Saturday, 29 September 2012

MINDFULNESS, AND THEN?


WILLIAM BLOOM:  THE POWER OF MODERN SPIRITUALITY
(Piatkus 2011, www.williambloom.com)

MARK WILLIAMS and DANNY PENMAN: Mindfulness: A Practical Guide to Finding Peace in a Frantic World (2011)

ABBOT CHRISTOPHER JAMISON:  Finding Happiness – Monastic Steps for a Fulfilling Life
(Weidenfeld & Nicolson, 2008; Phoenix, 2009)


 As we look forward to hearing Chris Sole on “Mindfulness and Compassion: a Buddhist’s view” on Sunday 30th September at 7pm at Wychwood Library, I have gone back to Bloom’s inspiring book whose subtitle is: “How to live a life of compassion and personal fulfilment”.  It could almost be a bridge between our discussions of Karen Armstrong’s Twelve Steps to a Compassionate Life and our next study-text,  the Abbot of Worth Christopher Jamison’s Finding Happiness – Monastic Steps for a Fulfilling Life (Introduction and Ch 1 to be discussed at Wychwood Library on October 14th, 7pm-9pm).

When asked ‘What is your religion?’ in the UK Census last year (only 17 spaces allowed under ‘Any other religion’) Bloom says he really wanted to put ‘spiritual but not religious’ and would have liked to use words like holistic.  Someone else suggested universalist, and others suggested that since diversity is the essence of modern spirituality it would be wrong to try and describe it in a box or single word at all.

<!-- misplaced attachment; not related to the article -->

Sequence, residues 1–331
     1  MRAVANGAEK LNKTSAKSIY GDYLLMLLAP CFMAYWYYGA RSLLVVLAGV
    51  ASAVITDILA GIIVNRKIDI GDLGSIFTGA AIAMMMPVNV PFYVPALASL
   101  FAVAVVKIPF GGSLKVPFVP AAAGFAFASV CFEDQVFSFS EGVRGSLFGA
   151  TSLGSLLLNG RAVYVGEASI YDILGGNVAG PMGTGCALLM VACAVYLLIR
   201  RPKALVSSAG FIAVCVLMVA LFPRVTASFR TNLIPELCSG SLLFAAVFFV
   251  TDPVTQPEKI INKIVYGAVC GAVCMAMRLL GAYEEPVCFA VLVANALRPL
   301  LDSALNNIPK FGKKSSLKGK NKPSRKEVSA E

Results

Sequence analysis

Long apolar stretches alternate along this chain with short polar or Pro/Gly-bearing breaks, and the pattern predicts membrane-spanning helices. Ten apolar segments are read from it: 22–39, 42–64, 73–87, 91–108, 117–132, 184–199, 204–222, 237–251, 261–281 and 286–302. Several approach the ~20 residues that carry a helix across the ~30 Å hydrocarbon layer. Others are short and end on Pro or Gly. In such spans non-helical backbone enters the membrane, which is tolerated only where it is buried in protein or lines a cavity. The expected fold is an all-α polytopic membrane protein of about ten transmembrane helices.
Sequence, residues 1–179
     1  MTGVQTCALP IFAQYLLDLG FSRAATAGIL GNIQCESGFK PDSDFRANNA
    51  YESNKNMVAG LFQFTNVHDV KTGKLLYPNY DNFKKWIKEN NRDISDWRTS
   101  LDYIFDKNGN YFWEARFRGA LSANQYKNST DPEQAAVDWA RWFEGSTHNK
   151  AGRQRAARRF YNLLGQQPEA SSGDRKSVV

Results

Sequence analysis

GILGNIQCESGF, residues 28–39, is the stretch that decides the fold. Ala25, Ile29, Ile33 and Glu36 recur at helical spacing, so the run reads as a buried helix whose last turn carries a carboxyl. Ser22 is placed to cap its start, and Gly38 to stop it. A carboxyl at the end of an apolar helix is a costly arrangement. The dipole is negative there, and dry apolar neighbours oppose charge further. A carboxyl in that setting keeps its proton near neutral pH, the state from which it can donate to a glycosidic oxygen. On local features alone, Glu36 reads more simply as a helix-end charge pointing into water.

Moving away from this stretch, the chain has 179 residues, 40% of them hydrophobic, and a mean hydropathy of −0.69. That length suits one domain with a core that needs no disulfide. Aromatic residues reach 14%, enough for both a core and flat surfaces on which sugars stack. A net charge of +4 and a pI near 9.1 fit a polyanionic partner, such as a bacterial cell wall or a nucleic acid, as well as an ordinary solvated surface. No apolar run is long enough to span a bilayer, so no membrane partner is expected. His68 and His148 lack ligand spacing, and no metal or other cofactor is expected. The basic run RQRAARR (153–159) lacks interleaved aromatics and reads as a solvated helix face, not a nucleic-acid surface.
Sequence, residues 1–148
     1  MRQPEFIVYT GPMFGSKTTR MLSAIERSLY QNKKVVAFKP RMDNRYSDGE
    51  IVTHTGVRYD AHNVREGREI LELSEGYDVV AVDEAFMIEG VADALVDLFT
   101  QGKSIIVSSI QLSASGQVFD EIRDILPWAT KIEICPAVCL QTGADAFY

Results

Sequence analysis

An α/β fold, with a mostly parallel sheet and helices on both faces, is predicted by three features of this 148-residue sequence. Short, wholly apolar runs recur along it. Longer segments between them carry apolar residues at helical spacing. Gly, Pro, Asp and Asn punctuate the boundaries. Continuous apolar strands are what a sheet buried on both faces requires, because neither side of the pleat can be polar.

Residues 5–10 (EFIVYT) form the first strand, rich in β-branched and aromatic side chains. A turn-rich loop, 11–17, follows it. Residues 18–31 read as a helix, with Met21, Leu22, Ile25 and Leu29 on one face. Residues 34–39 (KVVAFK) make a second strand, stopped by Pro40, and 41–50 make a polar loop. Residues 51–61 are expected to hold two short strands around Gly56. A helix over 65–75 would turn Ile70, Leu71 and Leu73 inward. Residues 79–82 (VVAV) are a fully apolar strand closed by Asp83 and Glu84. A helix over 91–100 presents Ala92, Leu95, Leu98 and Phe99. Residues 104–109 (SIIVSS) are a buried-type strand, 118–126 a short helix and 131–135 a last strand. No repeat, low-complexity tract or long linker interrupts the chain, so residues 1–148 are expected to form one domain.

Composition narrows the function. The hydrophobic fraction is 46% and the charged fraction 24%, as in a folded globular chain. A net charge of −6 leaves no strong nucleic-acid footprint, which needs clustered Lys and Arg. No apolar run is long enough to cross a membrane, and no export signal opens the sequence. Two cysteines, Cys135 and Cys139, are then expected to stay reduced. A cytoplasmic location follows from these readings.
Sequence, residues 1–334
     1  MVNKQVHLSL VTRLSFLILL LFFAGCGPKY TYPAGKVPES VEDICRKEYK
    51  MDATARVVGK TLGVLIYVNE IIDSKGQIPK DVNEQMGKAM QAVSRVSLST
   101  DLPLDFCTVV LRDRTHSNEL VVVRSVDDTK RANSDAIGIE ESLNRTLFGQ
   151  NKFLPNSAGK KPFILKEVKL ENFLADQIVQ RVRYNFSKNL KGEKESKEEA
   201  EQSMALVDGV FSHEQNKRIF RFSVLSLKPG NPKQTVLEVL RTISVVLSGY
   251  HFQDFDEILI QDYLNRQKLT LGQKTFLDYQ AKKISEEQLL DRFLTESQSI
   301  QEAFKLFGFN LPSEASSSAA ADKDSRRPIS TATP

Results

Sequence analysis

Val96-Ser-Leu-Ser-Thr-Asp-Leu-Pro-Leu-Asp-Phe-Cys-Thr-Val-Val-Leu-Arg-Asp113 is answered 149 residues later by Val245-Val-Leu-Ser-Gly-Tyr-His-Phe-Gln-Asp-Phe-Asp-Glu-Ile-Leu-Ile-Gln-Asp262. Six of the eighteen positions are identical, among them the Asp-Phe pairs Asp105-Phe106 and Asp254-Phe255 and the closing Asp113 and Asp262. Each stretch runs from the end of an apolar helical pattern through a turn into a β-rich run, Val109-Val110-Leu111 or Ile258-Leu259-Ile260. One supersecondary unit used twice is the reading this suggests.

Modern spirituality for Bloom is made up of Connection, Reflection and Service.  And in the section on Connection he identifies four core skills, which are the ability to: 

  • Pause and be mindful;
  • Relax, centre and ground in your body;
  • Observe what is happening in a kind and good-humoured way; and
  • Yield to the feeling of connection. 

In the light of the current trend for Mindfulness – in our schools, in our local library, as a tool in cognitive behavioural therapy, in meditation – it was interesting to see that the practice of mindfulness for Bloom was only a start in a longer and deeper process.  I recommend the whole book, which as well as being instructive has a number of ‘exercises’ which are worth spending time on. 

Professor Mark Williams, speaking to a full house at the Christ Church Cathedral (Oxford) Summer Lectures last month, seemed to be making a similar point.  As the Director of the Oxford Mindfulness Centre he was well-placed to give a thorough introduction to the practice and relevance of Mindfulness.  Given the time constraints – and the non-specifically-religious nature of the context – he did not take us any further than a brief practical session to give us a flavour of the experience, but his parting words hinted that this could be – and presumably for him as an Anglican priest it is – a preparation for meditation, prayer, contemplation, or call it what you will. 

We know from Karen Armstrong that the practice of mindfulness features strongly in the contemplative practices of Buddhism and Chris Sole will no doubt enlighten us further.  Should we also plan to invite Mark Williams, or maybe even the Abbot of Worth who as a Benedictine monk will be extremely experienced in contemplation and Christian prayer? 



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